When we speak about feminism, we are speaking about;
The advocacy of women's rights on the ground of the equality of the sexes.
When we speak about black lives matter, we are speaking about;
The advocacy against violence and systemic racism toward black people.
When we speak about wealth inequality, or social inequality, we are speaking about;
The uneven distribution of resources across a given society.
It is important that we have language available to discuss the concerns and barriers to opportunity that are faced by different communities around us. We must acknowledge that some people inhabit multiple ‘communities’ and that each one of these groups may face very real and complex barriers to opportunity.
By acknowledging these kinds of barriers, without ranking them, we are able to discuss them sensibly, to talk about the most relevant and accessible ways to remove barriers.
Some communities have overlapping concerns. Many communities have groups and sub-groups in them that have differing, diverging or independent concerns.
It is not to say that any are more or less valid or important, certainly some concerns affect more or less people, but that is not to say that they are less real, or less important. They simply affect people on a smaller scale.
In some instances, removing barriers to smaller, granular communities is a very effective way to begin a pathway to improving opportunity for larger, more homogeneous groups of related people. For instance, attending the needs of Refugee South Sundanese Nuer Women in the Western Suburbs of Melbourne, might be an effective way to implement, workshop and develop strategies to assist migrants generally in the future.
In other ways, removing barriers to large, homogeneous communities containing many sub-groups is more effective – i.e. universal healthcare for everyone. This is far more effective than trying to assess and determine how each individual should get funded or not funded for healthcare.
Chimamanda Ngozi Adiche, in her book We Should All Be Feminists notes that we should not be limited by the stereotypes of individual labels like feminist, but that we should use an understanding of the need to address things like gender inequality through the proper language. This is to say further, that we should take individual responsibility to understand the needs and inhibitors to productive discussions on these issues in all directions. Instead of saying that you believe in human rights (which should begin a conversation about the rights of all humans), to say you are a feminist is to acknowledge “The specific and particular problems of gender.”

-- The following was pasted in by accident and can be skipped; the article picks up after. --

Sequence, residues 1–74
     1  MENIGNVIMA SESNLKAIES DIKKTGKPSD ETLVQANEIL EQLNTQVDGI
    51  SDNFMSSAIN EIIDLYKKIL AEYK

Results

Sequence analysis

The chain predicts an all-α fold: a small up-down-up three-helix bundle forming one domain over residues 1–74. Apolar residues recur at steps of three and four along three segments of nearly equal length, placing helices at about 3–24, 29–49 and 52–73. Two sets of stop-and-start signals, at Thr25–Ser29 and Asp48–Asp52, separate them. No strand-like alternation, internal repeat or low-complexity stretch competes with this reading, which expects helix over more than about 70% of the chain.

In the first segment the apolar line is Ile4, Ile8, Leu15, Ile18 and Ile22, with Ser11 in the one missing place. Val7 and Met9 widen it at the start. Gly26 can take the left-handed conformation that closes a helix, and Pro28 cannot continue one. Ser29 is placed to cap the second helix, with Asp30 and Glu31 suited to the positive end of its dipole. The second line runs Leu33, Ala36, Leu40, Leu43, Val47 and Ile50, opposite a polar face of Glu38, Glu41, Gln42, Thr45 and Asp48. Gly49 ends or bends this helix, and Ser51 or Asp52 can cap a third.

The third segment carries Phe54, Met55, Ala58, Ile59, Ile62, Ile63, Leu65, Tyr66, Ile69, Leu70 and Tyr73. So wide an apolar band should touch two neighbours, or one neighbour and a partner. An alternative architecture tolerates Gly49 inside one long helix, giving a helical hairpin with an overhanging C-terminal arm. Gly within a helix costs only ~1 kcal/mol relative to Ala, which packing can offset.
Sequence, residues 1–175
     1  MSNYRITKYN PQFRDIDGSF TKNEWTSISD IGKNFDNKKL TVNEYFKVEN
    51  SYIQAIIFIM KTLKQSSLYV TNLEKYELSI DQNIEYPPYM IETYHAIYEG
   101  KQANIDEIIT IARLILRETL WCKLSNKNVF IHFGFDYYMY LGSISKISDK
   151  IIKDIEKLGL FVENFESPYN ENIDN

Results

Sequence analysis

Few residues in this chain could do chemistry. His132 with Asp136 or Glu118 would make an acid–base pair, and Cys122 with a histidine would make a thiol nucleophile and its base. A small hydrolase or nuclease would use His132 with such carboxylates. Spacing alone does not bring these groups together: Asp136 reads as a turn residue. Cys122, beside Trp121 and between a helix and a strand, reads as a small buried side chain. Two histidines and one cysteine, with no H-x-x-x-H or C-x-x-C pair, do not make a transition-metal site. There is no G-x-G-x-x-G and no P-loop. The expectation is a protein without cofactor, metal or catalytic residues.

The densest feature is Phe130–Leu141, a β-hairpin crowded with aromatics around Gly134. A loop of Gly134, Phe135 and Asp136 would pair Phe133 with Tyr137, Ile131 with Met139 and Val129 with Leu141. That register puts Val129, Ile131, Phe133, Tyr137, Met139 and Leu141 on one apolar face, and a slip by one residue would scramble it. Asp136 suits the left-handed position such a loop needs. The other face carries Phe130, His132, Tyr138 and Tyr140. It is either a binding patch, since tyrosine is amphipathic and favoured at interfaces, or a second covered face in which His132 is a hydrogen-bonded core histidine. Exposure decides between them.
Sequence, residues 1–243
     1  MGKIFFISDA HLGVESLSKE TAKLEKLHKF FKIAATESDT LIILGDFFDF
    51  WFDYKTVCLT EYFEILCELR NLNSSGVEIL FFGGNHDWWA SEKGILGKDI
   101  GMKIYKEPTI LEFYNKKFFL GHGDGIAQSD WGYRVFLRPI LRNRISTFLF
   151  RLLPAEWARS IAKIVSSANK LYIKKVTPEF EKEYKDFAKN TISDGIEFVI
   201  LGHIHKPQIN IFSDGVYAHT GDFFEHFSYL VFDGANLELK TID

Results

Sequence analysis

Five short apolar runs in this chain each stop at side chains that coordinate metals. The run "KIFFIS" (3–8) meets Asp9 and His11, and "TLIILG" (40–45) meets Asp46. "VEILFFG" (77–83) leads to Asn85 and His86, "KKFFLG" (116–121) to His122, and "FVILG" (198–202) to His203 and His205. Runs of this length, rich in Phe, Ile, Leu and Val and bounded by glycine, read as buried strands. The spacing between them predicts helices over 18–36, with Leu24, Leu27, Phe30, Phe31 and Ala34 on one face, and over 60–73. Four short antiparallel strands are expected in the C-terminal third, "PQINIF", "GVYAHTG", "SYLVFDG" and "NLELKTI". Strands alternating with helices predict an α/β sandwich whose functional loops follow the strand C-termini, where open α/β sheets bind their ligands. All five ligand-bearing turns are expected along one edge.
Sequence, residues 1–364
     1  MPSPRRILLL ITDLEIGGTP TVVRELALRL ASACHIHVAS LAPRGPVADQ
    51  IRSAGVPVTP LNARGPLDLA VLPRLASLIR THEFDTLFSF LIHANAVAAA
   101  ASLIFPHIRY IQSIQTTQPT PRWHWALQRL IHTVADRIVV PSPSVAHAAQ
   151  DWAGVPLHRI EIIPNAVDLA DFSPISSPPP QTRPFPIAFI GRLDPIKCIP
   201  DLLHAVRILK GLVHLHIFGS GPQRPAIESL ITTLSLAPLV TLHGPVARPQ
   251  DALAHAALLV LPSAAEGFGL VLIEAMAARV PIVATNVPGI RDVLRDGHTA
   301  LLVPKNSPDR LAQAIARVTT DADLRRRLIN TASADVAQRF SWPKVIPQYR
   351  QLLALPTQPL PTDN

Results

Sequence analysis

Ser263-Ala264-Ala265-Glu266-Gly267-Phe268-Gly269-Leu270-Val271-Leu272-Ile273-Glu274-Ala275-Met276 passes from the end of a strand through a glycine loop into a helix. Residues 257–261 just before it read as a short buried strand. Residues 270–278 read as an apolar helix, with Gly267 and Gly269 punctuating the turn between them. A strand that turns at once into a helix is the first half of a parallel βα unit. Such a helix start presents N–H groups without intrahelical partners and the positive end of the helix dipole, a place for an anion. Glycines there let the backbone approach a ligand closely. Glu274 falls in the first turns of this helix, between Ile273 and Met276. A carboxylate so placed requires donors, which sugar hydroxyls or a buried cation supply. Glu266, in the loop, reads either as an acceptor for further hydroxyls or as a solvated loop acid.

We wouldn’t tell someone who had bowel cancer to simply say they were ‘sick’, that would not acknowledge the specific and particular nature of their illness. Of course, everyone with bowel cancer is sick, in the same way that feminists can be concerned with human rights for all. The importance of identifying barriers is so that we can address the causes and effects of these inhibitors and remove them.
We need to stop comparing and fighting among issues, saying things like “why be a feminist, why not care about all human rights?”, “Why black lives matter? Why not all lives matter?”, “Why are we talking about Indigenous disadvantage, what about the other poor people?”.
To name an issue is to have a discussion about that issue. Certainly, there is overlap between issues, but there is nothing less productive than to enter a discussion about the disadvantage experienced by one community, with something that looks like “what about this other community?”.
Yes, we can speak about various kinds of disadvantage and inequality, but we must look at each school of difficulty for what it is, not what it is in comparison to other inequalities of opportunity.
Looking at how different kinds of disadvantage inter-relate is important, fighting about which kind of disadvantage is more important to talk about at any given moment, is counter-productive and we should probably do it less.
Practice understanding, practice learning about experiences different to yours, and as always remember, Just Be Nice.
Just Be Nice
A collection of articles relevant to pursuing the effective execution of altruism in the search for equality of opportunity.